As councils “reluctantly” return to holding physical planning committees that allow public attendance in light of recent court rulings, many face a logistical headache in organising lawful meetings that comply with current Covid restrictions. This has resulted in some authorities postponing meetings this month, observers say, while others seek bigger accommodation or are even using marshalls and ticketing systems.
We highlight eight areas of England where changes in political control following last week’s local and mayoral elections are likely to have the greatest impact on planning and development.
The former Prime Minister and an ex-environment secretary are among the Conservative MPs who have expressed concerns over proposals in the planning bill announced in yesterday’s Queen’s Speech, including that it would limit “local involvement” in the planning process.
Senior officials from local planning authorities will speak at Planning’s virtual national conference on 18-19 May.
Plans to create a “more predictable and more transparent” developer contributions levy to replace the current system of section 106 agreements and the community infrastructure levy (CIL) will proceed in the upcoming planning bill, the government confirmed today.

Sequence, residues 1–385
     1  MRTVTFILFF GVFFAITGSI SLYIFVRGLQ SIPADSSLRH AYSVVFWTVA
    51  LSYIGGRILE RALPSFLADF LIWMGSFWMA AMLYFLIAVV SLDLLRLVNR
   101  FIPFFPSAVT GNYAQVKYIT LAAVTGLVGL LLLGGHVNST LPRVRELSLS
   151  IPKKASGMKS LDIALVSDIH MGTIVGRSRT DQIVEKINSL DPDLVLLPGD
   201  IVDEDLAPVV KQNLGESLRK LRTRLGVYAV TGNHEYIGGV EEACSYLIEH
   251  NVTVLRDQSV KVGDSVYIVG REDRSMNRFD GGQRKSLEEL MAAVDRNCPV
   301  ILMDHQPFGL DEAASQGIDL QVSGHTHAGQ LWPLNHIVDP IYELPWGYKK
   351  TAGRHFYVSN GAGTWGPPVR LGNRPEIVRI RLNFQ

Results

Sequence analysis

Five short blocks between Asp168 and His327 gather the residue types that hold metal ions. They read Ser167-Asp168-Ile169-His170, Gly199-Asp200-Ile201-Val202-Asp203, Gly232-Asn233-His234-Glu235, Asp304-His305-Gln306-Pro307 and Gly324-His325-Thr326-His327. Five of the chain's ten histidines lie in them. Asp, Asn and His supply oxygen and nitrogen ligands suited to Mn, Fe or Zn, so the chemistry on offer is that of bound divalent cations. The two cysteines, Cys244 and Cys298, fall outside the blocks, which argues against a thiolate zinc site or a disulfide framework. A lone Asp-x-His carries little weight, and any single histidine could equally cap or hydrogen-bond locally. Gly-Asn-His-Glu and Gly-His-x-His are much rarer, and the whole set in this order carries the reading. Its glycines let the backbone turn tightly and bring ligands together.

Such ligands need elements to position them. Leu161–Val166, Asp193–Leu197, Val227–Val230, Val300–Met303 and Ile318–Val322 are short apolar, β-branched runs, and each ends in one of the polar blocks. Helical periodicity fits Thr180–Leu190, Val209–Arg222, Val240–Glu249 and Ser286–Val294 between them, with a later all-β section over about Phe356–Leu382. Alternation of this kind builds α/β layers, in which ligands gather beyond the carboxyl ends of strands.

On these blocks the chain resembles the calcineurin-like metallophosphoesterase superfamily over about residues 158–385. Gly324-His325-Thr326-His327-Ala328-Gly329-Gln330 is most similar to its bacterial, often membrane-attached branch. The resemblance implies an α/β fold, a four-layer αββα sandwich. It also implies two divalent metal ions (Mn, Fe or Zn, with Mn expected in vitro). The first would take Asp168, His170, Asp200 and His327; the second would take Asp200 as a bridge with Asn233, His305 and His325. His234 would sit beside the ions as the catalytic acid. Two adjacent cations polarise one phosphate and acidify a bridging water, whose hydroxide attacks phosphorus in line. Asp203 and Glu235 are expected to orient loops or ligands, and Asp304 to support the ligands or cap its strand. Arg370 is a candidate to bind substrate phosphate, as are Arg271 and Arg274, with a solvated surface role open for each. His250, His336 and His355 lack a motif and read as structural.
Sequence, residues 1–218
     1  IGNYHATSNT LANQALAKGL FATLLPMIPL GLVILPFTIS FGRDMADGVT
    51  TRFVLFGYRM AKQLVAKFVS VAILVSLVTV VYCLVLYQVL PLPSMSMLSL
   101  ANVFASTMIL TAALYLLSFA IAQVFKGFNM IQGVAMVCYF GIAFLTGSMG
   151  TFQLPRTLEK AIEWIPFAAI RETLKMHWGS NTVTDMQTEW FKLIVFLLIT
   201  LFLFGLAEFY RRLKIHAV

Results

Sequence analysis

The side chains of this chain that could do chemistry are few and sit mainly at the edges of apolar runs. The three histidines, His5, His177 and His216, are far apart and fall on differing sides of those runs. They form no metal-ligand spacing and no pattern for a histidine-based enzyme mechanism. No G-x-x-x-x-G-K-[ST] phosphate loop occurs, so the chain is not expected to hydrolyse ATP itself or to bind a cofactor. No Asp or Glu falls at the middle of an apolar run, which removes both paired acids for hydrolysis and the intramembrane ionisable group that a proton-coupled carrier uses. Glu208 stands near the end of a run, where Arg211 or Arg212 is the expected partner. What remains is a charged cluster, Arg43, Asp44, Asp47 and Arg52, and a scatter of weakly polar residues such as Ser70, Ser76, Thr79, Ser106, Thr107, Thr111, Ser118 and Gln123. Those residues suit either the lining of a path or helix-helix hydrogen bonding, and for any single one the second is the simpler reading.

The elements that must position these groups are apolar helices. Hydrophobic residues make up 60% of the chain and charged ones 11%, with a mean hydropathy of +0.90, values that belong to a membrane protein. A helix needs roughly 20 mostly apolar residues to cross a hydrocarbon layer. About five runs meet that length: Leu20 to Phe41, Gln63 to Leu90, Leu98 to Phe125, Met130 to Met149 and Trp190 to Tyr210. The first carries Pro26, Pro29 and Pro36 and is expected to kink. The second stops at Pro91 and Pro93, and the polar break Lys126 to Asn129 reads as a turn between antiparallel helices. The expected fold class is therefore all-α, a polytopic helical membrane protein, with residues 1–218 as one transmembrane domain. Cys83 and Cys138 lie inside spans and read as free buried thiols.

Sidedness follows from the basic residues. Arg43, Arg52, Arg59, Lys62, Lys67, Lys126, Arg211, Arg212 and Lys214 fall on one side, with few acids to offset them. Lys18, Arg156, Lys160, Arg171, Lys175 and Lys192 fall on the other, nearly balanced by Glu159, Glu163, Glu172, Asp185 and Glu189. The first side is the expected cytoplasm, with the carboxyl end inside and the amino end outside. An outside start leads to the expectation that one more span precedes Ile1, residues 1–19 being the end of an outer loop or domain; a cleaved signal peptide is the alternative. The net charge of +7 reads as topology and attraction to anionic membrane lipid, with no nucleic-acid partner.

The government has said that the planning bill will change the rules governing development corporations, which it has previously suggested could be given broader powers over plan-making and development management, as well as greater access to developer contributions.
The High Court has backed a planning inspector’s consideration of the “very special circumstances” necessary to allow inappropriate green belt development in granting permission for a traveller camp, after a judge concluded that the NPPF’s policy on the issue is “guidance” and does not require “a particular mathematical exercise”.
A leading barrister will discuss how a proposed new duty for developers to deliver a ten per cent uplift in biodiversity through their schemes will work in practice at Planning’s virtual national conference on 18-19 May.
A businessman and traveller whose unlawful caravan encampment infuriated an affluent Cheshire village has been handed a suspended eight-month prison sentence for his “repeated disobedience” in breaching a council injunction and other court orders.
On Wednesday, we published a story ‘Go-ahead for 1,850-home Birmingham mixed-use scheme despite conservation area harm’.